Health Status: Mind slowly going, but a mysterious stranger in a powder blue jumpsuit offers me some pills. I’m only slightly disappointed to find out they are Advil Liquigels.
Film Love: This movie is not the best film on the planet, but it holds a special place in my heart because I saw it when I was in high school – part of the film education that my father shared with me – and it works as a sort of poor man’s version of Death Wish. Iconic actor Robert Forster was on hand to answer some questions and to do a hilarious impression of John Huston, and the guy is just as likable as a human being gets. To the huge round of applause he received, he smiled and responded, “It’s great to be overrated.” How cool is that? Of course, his character in Vigilante shoots a guy in the chest at close range with a shotgun, but the asshole totally had it coming to him. Essentially, the movie is about a man whose wife and son are attacked, the system that fails to punish the guilty, and a group of men who take the law into their own hands. But the plot really doesn’t matter. It’s a loose reasoning for showing scene after escalating scene of getting the kind of cathartic, break-every-bone-in-his-body-and-leave-him-in-a-parking-lot revenge that someone might want after their family is attacked. Like I said, not really a great movie, but there’s a compelling reason to see it: Fred Williamson kicking the ass out of just about everyone. Plus, the legendary Woody Strode has a small role kicking the ass out of a gang of prisoners in the shower.
The Black Gestapo (1975)
Health Status: Soul hurts.
Film Love: I never, ever, ever thought that I’d get to see this movie in my life, let alone on the big screen. I’d heard rumors and tale of this blacksploitation film from fellow film fans for a while, but never imagined I’d have the pleasure to see it myself. Before checking out, if you can, you should ask yourself: do you want to see a bunch of senseless nudity? Black people dressed up like SS members? a guy held down in a bathtub and relieved of the burdens of testicle ownership? The answer, my friends, is yes. The Black Gestapo is a terrible, awful, needlessly bad film – and you should run out and see it immediately. Charles Robinson (the bailiff from “Night Court” (Seriously)) rises to power within the ranks of the People’s Army and creates a violent group of thugs that save the neighborhood from the white drug dealers and bookies that rape the black women and harass the store owners. Thankfully, once the white oppressors are gone, the militant group takes over running the numbers and raping the women if need be. It’s up to one man to infiltrate their training facility and murder a ton of dudes with make-shift weaponry or hog-tie them with not-make-shift ropes. Definitely slow at points, but it’s so head-slappingly impossible as a premise, that it must be watched.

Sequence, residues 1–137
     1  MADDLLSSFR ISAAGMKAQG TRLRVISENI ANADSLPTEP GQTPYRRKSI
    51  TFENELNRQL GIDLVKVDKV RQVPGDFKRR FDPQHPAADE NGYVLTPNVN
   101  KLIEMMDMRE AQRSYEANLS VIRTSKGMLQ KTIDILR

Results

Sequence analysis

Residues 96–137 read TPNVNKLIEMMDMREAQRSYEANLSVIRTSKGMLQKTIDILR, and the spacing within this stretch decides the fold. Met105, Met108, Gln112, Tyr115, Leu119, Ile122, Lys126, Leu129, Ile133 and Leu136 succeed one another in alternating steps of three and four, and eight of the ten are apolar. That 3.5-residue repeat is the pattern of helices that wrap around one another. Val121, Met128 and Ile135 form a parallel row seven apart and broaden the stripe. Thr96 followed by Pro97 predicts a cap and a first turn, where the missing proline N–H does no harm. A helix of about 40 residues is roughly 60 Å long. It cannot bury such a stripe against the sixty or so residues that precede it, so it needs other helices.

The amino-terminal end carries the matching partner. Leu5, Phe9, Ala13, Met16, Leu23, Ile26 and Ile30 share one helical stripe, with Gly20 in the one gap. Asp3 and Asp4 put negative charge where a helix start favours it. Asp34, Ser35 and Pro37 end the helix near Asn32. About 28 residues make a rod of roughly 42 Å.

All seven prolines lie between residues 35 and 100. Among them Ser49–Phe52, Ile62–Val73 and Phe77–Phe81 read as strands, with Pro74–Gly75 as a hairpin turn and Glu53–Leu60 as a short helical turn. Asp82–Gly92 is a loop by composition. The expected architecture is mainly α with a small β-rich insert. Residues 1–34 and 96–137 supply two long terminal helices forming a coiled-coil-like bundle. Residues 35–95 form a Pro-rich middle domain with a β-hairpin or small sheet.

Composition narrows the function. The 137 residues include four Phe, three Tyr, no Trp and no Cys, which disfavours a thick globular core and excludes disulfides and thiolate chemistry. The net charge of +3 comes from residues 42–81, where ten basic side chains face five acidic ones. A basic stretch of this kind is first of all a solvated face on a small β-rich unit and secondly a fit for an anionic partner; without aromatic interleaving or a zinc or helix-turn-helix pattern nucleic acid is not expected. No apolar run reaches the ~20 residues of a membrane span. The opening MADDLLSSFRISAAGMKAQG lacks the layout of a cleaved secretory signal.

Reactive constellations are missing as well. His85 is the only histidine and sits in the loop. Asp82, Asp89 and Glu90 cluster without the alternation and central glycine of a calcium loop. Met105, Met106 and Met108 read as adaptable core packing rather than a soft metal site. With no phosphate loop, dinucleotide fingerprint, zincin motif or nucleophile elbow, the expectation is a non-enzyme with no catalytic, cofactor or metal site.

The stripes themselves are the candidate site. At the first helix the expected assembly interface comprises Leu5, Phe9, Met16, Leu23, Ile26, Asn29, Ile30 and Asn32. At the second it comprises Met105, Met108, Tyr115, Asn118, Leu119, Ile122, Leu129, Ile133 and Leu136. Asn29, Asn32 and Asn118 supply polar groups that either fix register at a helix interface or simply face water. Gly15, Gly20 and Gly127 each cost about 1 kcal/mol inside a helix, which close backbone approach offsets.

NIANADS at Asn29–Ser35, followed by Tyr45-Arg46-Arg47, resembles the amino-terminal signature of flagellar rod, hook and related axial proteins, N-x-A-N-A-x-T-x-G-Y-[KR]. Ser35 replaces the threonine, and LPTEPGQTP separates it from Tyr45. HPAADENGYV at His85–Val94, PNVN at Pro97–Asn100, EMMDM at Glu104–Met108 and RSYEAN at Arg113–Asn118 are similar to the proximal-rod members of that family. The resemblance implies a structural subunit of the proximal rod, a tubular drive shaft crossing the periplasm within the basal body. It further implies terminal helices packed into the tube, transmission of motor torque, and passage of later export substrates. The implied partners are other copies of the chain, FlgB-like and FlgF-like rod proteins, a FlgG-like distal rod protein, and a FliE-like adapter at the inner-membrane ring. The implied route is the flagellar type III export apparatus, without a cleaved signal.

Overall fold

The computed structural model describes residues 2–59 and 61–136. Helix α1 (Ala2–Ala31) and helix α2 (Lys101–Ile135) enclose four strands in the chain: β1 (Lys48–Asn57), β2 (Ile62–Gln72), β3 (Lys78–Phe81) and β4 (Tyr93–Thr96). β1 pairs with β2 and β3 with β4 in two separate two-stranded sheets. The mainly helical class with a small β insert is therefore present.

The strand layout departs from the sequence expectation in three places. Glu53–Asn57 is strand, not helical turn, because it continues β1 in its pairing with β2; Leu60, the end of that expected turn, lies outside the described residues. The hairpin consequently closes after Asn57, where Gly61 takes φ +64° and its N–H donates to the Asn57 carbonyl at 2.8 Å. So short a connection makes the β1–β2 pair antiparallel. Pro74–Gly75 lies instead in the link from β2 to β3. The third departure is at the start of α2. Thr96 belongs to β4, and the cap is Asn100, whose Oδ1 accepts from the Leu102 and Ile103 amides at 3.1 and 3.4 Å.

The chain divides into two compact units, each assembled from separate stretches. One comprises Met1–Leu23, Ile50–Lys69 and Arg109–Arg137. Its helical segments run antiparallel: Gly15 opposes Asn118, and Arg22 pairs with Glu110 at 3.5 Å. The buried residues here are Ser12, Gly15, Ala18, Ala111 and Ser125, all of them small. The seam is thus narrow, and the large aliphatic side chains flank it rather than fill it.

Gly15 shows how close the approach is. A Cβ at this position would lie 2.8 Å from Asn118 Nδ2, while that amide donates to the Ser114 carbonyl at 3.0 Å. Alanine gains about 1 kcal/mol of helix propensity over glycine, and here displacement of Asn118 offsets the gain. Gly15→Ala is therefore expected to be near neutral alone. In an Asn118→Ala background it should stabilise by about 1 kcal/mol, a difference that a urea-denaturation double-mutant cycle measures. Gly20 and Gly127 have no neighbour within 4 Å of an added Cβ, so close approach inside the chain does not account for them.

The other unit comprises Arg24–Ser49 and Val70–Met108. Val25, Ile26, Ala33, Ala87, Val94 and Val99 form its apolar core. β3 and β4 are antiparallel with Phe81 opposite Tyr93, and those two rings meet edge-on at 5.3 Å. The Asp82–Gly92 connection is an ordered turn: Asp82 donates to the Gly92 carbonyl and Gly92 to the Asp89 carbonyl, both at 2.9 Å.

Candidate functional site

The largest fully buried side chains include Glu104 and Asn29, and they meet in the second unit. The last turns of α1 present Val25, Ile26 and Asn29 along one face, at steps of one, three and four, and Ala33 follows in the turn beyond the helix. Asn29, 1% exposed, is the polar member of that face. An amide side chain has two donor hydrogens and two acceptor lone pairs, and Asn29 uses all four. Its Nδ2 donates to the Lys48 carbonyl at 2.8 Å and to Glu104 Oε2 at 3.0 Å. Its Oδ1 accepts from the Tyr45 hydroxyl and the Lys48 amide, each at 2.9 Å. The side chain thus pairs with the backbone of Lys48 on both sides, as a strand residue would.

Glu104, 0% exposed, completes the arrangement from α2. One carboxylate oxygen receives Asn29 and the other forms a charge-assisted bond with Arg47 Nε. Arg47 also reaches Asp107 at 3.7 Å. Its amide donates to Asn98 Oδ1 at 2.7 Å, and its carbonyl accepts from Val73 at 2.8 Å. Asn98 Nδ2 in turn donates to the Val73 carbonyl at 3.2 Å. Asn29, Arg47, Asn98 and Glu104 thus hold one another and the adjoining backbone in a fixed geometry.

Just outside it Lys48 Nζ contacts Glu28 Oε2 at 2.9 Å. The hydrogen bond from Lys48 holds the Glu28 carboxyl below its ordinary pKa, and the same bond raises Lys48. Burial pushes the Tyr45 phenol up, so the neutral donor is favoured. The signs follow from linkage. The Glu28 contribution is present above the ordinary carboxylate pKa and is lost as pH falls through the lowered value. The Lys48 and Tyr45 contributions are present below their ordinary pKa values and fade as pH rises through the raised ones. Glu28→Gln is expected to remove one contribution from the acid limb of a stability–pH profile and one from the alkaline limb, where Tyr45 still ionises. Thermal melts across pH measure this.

Ip Man (2008)
Health Status: Getting my third wind, wondering how many vitamins are in fried pickles, shaking slightly from a severe lack of sleep.
Film Love: What a fantastic movie to end on. Ip Man was previously celebrated on our site with a review from foreign film (and all things Asian) enthusiast Rob Hunter, and I agree with him wholeheartedly. Donnie Yen steps up his acting slightly to play the title character – a man who would go on to teach Bruce Lee – during the tumultuous World War II-era China. The fight scenes of Ip Man are numerous and exciting – leading up to a final confrontation between the evil Japanese General and Master Ip where the wire work is done deftly and the fists move so fast that you can almost feel the force of the punches in your own chest. For classic kung fu fans, there are a few jokes – particularly dealing with the quarreling of the different schools – that work really well and show off an understanding of the genre history. But, damn, this movie is just a really great display of martial arts painted lovingly on the backdrop of oppression and the end of an era.
In Which I Survive Cinemapocalypse
What a fan-fucking-tastic time. A ton of great movies all lined up and shot down one by one by a hungry audience whose blood-lust knew no bounds! A great audience where film geeks could roam around chatting about carving up flesh and launching rockets at helicopters while making new friends. And all of it topped off with an ice-cold Schlitz (in the can!) in the lobby at 11a.m. A movie marathon well worth the lack of sleep and the fever-dreams that still haunt me. In short, I’m already marking my calendar for next year’s end of the world. Hopefully they leave the Nazi banners up in the theater for family film day.